[213] The Poe, a Name for the Tui.

In the “Narrative of the U.S. Exploring Expedition,” by Charles Wilkes, describing their stay at the Bay of Islands in 1840, the author says, “Among the birds are the native nightingale and the tui, also known under the sobriquet of the parson-bird. The latter is a great favourite with the Natives. I saw it only in a cage and its note did not strike me as pleasing: but several of our gentlemen saw and heard it in the woods. They describe its note as rather louder than that of the bird called by the Samoans poe, and it is at times said to utter a cry like the sound of a trumpet.”

Elsdon Best.

The word poe is not, however, to be found in the Samoan Dictionary.

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[214] The Pump Drill: Was it known to the Maori?

We are all conversant with the form of stone-pointed drill used by the neolithic Maori for drilling holes in stone, the straight spindle weighted with two stones lashed to it, and two cords fastened by one end to the upper part of the spindle or shaft. This is the “cord drill” of ethnographical writers; see Shortland's “Southern Districts of New Zealand,” p. 110, for illustration and description thereof.

A southern form described by Mr. Wohlers (Transactions New Zealand Institute, Vol. XIV., p. 519) has a small fly-wheel.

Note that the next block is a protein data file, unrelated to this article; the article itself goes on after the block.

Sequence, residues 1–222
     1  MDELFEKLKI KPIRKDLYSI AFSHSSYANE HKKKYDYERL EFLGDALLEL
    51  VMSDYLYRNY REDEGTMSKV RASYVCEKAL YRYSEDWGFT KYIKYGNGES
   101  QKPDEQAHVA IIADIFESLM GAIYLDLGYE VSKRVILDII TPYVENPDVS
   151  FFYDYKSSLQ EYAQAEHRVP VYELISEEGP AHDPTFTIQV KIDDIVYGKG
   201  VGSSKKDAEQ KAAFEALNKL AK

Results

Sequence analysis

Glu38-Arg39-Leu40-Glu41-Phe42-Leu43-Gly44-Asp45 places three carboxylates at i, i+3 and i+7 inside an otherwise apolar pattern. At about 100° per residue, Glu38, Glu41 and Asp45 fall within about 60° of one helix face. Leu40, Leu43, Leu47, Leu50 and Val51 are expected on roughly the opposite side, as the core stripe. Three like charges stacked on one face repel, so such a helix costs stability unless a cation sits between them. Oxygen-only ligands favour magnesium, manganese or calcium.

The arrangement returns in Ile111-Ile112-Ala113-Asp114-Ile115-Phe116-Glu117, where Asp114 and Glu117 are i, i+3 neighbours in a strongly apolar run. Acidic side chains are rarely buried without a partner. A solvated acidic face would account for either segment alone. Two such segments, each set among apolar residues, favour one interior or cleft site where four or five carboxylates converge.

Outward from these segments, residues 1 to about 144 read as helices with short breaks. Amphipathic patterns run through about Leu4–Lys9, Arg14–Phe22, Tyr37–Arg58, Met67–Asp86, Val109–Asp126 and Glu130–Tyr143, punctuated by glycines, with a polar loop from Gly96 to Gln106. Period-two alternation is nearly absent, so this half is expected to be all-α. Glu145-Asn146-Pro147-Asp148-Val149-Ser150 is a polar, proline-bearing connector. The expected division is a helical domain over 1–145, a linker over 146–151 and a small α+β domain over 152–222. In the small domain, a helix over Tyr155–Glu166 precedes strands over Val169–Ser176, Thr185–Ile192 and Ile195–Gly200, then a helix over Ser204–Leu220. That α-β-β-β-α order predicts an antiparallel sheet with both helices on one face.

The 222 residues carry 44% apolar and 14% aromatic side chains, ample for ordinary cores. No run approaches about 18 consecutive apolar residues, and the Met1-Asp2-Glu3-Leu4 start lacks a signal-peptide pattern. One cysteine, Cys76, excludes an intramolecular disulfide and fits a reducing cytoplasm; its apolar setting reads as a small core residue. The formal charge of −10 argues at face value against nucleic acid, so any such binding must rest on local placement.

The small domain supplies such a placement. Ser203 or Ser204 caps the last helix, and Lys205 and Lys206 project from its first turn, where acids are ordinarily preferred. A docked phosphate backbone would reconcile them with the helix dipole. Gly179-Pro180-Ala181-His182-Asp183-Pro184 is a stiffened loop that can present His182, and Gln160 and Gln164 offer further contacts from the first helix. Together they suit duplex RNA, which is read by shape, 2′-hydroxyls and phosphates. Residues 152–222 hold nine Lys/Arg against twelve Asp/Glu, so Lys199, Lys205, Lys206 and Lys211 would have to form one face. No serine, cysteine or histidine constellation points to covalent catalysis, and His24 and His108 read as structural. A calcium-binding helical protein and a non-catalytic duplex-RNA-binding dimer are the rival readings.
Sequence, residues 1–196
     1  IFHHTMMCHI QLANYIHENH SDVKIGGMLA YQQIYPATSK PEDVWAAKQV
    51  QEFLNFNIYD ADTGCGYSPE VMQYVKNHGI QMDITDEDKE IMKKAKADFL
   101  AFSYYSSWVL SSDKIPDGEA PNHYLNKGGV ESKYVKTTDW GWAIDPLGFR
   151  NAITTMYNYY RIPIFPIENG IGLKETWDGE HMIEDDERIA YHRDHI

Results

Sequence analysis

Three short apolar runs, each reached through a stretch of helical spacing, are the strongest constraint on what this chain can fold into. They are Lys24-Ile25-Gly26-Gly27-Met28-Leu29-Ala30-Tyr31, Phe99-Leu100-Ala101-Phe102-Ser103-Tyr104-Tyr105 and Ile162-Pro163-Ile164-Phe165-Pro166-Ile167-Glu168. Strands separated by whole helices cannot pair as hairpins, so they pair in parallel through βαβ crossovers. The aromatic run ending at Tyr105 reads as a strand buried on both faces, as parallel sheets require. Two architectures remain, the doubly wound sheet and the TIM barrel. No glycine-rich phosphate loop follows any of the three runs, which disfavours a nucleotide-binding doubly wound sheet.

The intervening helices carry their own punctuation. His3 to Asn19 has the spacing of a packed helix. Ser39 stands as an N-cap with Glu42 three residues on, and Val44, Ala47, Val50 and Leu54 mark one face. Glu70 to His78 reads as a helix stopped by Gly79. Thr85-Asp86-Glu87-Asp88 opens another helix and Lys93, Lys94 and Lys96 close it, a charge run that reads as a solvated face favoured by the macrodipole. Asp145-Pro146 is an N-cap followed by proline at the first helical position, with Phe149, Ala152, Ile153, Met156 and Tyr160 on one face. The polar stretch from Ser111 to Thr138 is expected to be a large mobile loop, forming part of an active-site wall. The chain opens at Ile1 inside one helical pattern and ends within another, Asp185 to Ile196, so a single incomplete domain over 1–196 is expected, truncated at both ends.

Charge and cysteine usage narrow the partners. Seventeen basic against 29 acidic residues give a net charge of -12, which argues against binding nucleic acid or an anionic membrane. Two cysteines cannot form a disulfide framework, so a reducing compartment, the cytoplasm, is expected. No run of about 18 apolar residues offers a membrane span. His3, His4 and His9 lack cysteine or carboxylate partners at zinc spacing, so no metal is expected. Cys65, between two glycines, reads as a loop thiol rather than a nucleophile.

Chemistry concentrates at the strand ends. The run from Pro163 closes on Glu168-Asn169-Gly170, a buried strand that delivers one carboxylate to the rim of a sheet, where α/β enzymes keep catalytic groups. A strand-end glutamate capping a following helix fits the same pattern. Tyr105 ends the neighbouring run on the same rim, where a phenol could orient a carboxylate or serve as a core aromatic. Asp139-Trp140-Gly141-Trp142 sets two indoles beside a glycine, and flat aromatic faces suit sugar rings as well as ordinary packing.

Mr. John White describes a form of this cord drill provided with a wooden cap of some sort. This is, so far as I know, not elsewhere described as a New Zealand form.

Mr. Chapman speaks of the “bird-cage drill” as having been introduced into Taranaki by a European. I am not acquainted with this form of drill, at least, under that name; but a member of the Tuhoe tribe, on being asked to make a Native stone-drill, made a “pump-drill.” This has no stone weights attached to it, but is provided with a fly-wheel. Instead, however, of the instrument being worked by means of pulling, alternately, on two loose-end cords, a kurupae is worked up and down the shaft. This is a piece of wood pierced with a hole in the centre, through which hole the shaft passes. A cord is secured by the middle to the upper part of the shaft, or spindle, and the ends of that cord are attached to either end of the crosspiece, or kurupae. Turning the crosspiece round the shaft causes the two cords to twine round the shaft, and the operator begins work by pressing the crosspiece downwards, thus causing the shaft to revolve. Releasing his grip causes the cords to twine round the shaft again in the opposite way, when the crosspiece is again forced down, and so on. See “Maori Art,” pp. 199 and 267.